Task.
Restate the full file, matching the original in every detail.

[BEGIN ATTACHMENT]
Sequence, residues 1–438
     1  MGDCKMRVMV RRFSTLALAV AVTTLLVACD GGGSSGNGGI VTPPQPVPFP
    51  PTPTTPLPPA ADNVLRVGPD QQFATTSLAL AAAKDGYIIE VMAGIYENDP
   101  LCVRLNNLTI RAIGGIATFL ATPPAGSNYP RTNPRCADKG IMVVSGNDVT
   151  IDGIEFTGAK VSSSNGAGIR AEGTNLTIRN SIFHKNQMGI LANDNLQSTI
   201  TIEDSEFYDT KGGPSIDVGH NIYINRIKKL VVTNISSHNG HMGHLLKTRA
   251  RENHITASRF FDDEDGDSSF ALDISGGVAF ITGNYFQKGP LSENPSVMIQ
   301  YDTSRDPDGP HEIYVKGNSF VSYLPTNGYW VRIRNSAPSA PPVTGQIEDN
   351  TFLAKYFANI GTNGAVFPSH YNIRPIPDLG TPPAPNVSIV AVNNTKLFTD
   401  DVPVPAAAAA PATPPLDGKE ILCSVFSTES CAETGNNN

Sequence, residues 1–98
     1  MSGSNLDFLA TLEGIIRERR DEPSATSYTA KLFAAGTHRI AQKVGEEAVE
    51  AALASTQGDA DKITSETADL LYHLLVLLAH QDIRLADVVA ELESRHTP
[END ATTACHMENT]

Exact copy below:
Sequence, residues 1–438
     1  MGDCKMRVMV RRFSTLALAV AVTTLLVACD GGGSSGNGGI VTPPQPVPFP
    51  PTPTTPLPPA ADNVLRVGPD QQFATTSLAL AAAKDGYIIE VMAGIYENDP
   101  LCVRLNNLTI RAIGGIATFL ATPPAGSNYP RTNPRCADKG IMVVSGNDVT
   151  IDGIEFTGAK VSSSNGAGIR AEGTNLTIRN SIFHKNQMGI LANDNLQSTI
   201  TIEDSEFYDT KGGPSIDVGH NIYINRIKKL VVTNISSHNG HMGHLLKTRA
   251  RENHITASRF FDDEDGDSSF ALDISGGVAF ITGNYFQKGP LSENPSVMIQ
   301  YDTSRDPDGP HEIYVKGNSF VSYLPTNGYW VRIRNSAPSA PPVTGQIEDN
   351  TFLAKYFANI GTNGAVFPSH YNIRPIPDLG TPPAPNVSIV AVNNTKLFTD
   401  DVPVPAAAAA PATPPLDGKE ILCSVFSTES CAETGNNN

Sequence, residues 1–98
     1  MSGSNLDFLA TLEGIIRERR DEPSATSYTA KLFAAGTHRI AQKVGEEAVE
    51  AALASTQGDA DKITSETADL LYHLLVLLAH QDIRLADVVA ELESRHTP